By Lisa Rapaport
(Reuters Health) – Older women with higher levels of anxiety than their peers are also more likely to develop poor bone health that increases the risk of fractures, a small study suggests.
Researchers examined results from anxiety assessments and bone mineral density tests for 192 postmenopausal women. Those with the lowest anxiety levels had a 10-year fracture risk of about 20 percent, compared with a 25 percent risk among women with the highest anxiety levels, the study found.
“Higher anxiety levels were independently from other factors associated with low bone mineral density and higher fracture risk,” said lead study author Dr. Antonino Catalano of the University Hospital of Messina in Italy.
“Our findings suggest a possible new clinical risk factor for osteoporosis that could be measured in order to improve our ability to identify women at risk for fractures,” Catalano said by email.
Worldwide, an estimated one in three women and one in five men will suffer from a fracture related to osteoporosis – thinning bones that are more brittle and more easily fractured, the researchers note in the journal Menopause.
Women are particularly vulnerable because during menopause, the body starts producing less of the hormone estrogen, contributing to osteoporosis.
Much of the previous research into connections between osteoporosis and mood disorders has focused on whether impairment related to bone thinning or fractures might contribute to mental health problems like depression, researchers note. Some previous research has also linked anxiety disorders to an increased risk of osteoporosis.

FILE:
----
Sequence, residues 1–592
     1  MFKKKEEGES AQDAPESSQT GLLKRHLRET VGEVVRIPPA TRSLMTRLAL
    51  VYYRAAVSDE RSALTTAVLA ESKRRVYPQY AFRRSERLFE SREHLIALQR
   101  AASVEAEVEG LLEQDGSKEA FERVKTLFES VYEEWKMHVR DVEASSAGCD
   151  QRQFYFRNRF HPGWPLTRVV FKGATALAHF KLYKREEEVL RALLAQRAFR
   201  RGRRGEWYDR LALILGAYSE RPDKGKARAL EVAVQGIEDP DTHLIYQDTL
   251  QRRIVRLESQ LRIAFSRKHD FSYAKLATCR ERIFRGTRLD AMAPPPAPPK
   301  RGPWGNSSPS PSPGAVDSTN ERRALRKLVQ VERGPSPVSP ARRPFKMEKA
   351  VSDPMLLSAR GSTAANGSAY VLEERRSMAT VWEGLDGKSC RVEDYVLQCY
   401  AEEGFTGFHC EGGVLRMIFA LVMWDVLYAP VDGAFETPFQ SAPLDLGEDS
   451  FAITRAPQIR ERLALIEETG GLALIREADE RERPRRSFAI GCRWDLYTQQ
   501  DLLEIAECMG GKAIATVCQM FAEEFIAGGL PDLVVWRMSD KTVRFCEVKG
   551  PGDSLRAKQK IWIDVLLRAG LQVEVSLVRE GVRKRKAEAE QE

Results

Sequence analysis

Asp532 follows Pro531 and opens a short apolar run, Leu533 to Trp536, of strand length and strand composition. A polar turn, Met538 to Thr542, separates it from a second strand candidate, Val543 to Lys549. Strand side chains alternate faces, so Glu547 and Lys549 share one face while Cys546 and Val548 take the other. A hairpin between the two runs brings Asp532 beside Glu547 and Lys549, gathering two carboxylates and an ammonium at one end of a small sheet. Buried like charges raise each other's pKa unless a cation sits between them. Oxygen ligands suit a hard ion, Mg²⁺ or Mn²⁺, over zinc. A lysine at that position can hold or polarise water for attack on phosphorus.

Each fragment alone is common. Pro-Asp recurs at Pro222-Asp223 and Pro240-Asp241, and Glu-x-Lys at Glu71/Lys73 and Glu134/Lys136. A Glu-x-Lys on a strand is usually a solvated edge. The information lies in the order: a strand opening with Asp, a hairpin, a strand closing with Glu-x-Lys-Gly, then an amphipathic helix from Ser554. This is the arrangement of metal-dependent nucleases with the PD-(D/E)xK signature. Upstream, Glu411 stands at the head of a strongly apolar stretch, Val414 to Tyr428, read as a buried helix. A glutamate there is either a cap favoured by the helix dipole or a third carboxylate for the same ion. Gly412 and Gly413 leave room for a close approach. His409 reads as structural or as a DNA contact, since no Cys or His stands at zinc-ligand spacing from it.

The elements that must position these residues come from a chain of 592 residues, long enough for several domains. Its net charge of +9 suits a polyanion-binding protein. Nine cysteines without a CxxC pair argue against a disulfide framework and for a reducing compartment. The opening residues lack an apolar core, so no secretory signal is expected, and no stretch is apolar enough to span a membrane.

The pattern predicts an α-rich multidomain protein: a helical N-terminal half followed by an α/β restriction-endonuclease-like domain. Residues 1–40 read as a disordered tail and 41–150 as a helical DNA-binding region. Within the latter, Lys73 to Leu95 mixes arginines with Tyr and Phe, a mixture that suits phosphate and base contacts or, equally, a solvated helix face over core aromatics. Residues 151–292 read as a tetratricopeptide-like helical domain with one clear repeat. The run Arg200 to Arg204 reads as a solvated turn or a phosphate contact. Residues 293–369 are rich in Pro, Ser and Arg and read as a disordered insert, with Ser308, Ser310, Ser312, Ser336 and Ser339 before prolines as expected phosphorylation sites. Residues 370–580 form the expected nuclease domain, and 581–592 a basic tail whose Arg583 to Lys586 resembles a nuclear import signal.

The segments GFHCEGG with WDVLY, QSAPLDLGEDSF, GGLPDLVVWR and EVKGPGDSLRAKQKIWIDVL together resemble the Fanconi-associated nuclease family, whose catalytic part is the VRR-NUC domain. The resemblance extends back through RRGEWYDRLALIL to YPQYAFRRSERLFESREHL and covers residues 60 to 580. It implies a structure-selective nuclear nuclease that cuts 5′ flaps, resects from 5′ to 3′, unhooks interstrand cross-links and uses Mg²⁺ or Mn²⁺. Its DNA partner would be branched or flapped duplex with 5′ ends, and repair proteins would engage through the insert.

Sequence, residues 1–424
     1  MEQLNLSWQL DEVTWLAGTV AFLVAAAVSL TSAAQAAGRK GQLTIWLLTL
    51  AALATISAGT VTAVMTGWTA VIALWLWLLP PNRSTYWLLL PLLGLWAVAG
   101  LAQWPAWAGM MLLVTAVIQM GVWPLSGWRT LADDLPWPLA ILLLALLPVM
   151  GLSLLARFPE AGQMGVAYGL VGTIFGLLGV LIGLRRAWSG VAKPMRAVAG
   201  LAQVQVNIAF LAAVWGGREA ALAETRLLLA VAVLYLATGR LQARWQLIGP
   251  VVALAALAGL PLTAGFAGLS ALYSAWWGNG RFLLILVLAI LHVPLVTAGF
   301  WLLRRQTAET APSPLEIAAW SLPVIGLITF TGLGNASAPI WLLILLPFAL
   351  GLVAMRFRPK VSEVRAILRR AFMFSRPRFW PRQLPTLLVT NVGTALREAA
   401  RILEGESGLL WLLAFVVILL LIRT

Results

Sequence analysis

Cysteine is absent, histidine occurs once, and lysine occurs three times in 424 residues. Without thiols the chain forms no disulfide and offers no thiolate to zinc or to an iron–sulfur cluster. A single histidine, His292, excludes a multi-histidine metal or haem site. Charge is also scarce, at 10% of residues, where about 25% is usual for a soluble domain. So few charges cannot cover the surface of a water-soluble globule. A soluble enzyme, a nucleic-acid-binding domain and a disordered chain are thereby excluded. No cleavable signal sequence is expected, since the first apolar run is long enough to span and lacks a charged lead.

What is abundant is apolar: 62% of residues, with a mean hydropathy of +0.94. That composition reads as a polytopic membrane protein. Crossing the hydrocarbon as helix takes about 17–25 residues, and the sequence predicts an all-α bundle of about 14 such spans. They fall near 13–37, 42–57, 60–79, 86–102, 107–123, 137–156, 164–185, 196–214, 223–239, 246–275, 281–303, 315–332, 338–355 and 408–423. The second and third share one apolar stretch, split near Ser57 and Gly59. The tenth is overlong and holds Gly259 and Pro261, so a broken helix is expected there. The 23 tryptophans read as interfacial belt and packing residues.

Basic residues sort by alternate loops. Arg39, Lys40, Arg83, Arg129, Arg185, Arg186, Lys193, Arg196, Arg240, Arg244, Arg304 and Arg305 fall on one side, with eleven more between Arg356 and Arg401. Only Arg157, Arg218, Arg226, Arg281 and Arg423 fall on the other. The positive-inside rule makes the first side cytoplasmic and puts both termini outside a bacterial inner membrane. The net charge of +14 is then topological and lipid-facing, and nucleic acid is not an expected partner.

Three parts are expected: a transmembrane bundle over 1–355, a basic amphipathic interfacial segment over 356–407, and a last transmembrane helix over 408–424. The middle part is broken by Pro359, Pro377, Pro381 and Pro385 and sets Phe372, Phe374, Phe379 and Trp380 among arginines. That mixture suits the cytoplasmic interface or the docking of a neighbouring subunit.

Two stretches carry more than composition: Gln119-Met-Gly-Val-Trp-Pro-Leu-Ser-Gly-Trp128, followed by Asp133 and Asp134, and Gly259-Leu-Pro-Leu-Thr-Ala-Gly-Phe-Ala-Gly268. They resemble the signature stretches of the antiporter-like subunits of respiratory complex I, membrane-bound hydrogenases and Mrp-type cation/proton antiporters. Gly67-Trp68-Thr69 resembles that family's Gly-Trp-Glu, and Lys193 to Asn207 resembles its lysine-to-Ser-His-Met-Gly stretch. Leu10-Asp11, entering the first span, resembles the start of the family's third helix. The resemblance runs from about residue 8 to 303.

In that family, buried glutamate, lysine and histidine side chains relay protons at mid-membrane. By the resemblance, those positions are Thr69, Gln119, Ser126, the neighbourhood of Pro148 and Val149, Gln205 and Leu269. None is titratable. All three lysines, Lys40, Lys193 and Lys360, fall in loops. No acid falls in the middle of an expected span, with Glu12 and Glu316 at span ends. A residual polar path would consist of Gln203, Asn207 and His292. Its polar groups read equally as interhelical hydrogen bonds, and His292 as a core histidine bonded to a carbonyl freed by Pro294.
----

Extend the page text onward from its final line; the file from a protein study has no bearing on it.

Women in the current study were 68 years old on average and had typically gone through menopause about two decades earlier.
Questionnaires assessing anxiety levels touched on a range of emotions, including tension, fear and restlessness as well as physical symptoms such as insomnia, digestive issues, respiratory problems and tension headaches.
Anxiety levels appeared to be influenced by advanced age, age at menopause, years since menopause and depressive symptoms.
Overall, 150 participants, or 78 percent, had already had at least one previous fracture and 87, or nearly half, had a parent who had experienced a hip fracture.
For women with the lowest anxiety levels, the 10-year risk of a hip fracture was about 7.2 percent, compared with 9.3 percent for women with the highest anxiety levels.
The study wasn’t a controlled experiment designed to prove whether or how anxiety might directly worsen osteoporosis or cause fractures. It also excluded patients with a history of a wide range of health problems and women who had previously been prescribed drugs for mood disorders or osteoporosis.
In addition, it’s not clear from the study how treating anxiety with medications or psychotherapy might impact the risk of osteoporosis or fractures.
Some women who experience anxiety after menopause may find that taking hormones to ease menopause symptoms can help improve their mood, said Dr. JoAnn Pinkerton, executive director of the North American Menopause Society and a professor of obstetrics and gynecology at the University of Virginia Health System in Charlottesville.
“They can consider mindfulness, cognitive therapy, self-calming strategies, yoga, or seeking help through counseling or, if needed, medications,” Pinkerton, who wasn’t involved in the study, said by email.
“Although hormone therapy is not a treatment for depression or anxiety, it can sometimes be helpful in women and is sometimes used alone or in combination depending on whether women have menopausal symptoms or respond favorably to a trial of hormone therapy,” Pinkerton added.
For optimal bone health, women should also avoid smoking, excessive drinking and being sedentary, Pinkerton advised. They should also get adequate vitamin D from sun exposure or supplements and consume lots of calcium-rich foods.
SOURCE: https://bit.ly/2HJ1KHT Menopause, online May 9, 2018.